Stocks & Commodities V. 31:12 (51): Explore Your Options by Tom Gentile

Stocks & Commodities V. 31:12 (51): Explore Your Options by Tom Gentile
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Explore Your Options by Tom Gentile

’Tis the season…to buy options With December now upon us, what’s a trader to do? As everyone starts planning their holiday parties, their vacations, and of course, their gift-buying, the market, too, is in planning mode. There are gifts from Father Wall Street for those who bear (no pun intended) to look for them. They come in the form of seasonality. Let’s take a look at a well-known seasonal pattern with an approach that’s an alternative to sticking your neck out with stocks or futures.


The Santa Claus rally was first observed by my friends at the Stock Trader’s Almanac. Yale Hirsch and his son Jeff came across the so-called seasonal week back in the 1970s. Jeff, who has taught at several of our seminars in the past, says the rally consists of the last five trading days of the year plus the first two following New Year’s Day. Don’t confuse this with the “January effect” — that’s a different seasonal pattern.

Jeff says that his father went back as far as 1950 with this Christmastime pattern and found that the S&P 500 averaged around 1.5% during that week. Not huge gains, but gains nonetheless. He goes on to tell me that this is mainly due to lower volume, general lack of news, and the pros buying into the end of the year. Let’s change this around a bit to look at options as an alternative way to invest in this seasonal pattern. To do so, we’ll look at last year’s Santa Claus rally and what alternatives there were to buying stocks, exchange traded funds (ETFs), or futures during that short time frame.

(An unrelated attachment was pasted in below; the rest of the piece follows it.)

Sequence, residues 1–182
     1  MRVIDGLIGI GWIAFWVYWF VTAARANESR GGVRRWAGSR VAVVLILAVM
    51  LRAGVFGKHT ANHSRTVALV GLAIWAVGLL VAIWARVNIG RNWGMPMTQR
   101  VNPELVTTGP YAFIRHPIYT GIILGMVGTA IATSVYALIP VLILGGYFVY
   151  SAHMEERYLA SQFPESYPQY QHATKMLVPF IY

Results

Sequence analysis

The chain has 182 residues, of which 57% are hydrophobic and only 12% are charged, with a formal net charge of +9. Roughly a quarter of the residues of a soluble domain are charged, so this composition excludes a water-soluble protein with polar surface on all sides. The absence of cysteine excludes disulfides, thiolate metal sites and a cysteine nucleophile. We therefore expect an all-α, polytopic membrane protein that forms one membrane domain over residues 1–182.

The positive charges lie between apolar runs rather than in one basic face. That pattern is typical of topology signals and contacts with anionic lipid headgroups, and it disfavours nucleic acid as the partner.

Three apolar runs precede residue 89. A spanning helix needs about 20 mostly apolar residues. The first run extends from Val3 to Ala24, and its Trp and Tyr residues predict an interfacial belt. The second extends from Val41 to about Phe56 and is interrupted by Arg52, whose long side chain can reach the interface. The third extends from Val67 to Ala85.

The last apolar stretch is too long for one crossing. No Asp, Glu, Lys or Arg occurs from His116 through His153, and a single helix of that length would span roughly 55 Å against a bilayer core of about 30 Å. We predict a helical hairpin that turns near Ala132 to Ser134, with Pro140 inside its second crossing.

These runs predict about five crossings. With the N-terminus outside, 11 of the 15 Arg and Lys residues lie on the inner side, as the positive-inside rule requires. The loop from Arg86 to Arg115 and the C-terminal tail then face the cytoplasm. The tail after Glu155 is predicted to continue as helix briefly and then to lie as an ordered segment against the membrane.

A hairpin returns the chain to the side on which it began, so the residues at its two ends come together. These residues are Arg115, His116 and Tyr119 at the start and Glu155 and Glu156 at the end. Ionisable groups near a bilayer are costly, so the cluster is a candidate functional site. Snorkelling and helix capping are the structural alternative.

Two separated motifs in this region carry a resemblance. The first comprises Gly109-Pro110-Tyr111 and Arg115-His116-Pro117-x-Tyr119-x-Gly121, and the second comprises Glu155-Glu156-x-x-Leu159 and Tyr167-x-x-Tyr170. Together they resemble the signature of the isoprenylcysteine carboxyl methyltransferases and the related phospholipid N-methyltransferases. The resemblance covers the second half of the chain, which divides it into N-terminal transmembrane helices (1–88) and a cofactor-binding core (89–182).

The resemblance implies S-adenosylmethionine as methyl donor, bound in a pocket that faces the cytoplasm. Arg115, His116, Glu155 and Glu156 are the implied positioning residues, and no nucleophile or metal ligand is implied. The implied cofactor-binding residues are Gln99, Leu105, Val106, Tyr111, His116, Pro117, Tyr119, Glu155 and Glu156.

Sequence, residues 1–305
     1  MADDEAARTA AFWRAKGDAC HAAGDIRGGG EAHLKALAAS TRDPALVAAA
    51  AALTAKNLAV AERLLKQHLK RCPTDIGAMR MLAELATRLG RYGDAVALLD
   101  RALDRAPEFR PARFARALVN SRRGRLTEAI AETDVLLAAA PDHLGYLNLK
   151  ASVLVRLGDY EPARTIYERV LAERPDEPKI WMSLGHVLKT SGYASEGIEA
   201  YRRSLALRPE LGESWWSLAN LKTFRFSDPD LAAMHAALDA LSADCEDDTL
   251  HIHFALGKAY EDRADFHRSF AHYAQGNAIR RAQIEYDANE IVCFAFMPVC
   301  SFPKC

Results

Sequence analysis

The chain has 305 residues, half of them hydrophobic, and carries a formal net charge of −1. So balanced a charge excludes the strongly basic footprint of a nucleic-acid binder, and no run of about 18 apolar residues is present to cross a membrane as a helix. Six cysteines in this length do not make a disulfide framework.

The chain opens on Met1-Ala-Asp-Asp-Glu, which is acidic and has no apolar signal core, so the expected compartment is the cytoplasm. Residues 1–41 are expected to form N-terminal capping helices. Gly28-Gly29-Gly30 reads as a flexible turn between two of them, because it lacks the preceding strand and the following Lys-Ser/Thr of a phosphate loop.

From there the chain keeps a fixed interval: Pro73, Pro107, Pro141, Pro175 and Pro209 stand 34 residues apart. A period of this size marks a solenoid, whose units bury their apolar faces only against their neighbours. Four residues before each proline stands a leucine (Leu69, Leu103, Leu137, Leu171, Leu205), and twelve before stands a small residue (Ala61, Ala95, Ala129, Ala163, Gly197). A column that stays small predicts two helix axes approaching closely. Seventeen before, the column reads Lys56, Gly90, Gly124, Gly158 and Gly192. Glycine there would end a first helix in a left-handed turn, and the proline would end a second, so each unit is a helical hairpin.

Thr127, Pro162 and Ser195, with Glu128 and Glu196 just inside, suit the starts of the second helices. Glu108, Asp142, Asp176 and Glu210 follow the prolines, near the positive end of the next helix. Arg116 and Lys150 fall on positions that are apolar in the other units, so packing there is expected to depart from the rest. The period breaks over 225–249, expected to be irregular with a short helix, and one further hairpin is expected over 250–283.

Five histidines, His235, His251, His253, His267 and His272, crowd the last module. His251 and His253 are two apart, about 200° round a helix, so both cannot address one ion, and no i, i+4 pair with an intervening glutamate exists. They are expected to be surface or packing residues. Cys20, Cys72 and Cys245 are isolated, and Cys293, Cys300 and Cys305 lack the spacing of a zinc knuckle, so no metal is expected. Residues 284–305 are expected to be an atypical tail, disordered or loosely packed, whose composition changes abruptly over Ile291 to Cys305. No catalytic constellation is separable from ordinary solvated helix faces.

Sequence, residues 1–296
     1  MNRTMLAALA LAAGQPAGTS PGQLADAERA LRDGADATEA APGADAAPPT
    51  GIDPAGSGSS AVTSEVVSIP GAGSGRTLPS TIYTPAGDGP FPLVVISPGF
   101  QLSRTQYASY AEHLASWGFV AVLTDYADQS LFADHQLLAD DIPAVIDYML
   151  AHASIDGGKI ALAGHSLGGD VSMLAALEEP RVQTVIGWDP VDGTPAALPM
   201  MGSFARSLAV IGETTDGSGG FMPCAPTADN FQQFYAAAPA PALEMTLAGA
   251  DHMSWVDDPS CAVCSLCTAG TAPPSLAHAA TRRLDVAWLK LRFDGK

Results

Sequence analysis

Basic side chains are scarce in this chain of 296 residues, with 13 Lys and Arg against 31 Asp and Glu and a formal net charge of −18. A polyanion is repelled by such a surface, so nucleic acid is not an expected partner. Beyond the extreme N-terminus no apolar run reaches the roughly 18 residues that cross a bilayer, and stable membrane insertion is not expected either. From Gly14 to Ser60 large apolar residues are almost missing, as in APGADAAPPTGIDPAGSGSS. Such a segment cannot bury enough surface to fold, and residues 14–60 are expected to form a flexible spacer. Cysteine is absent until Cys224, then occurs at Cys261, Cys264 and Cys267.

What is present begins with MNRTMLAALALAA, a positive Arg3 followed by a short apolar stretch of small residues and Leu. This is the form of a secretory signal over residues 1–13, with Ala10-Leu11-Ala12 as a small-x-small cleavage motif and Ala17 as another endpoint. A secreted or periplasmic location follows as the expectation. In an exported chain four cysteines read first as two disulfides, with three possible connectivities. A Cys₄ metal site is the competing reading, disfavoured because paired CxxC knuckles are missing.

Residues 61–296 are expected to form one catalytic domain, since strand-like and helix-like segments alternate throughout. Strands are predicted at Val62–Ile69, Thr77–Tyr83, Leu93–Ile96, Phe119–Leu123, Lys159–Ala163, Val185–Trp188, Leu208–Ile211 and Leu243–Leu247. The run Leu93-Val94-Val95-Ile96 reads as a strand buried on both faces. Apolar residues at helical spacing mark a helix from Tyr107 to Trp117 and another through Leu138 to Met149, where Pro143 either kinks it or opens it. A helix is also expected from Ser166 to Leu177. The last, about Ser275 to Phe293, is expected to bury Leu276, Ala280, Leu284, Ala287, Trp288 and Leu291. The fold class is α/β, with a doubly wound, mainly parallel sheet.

If you were to buy the SPX at the open of December 24, 2012 and get in at the closing price of 1426.66 and then sell the position on the close of January 3, 2013 at 1459.37, you would have a profit of 32.71, or a 2.2% gain. But what would happen if you were to trade options during this time frame? I analyzed two different positions using the January options on the following short-term trading strategies:

* Option 1 – Buying a January 1425 [atthe- money (ATM) call option] for 16.75 on the close of December 24, 2012. The cost and risk of this option is the debit. The cost is cheaper, but consists of pure time value, so you need this option to move in your direction.

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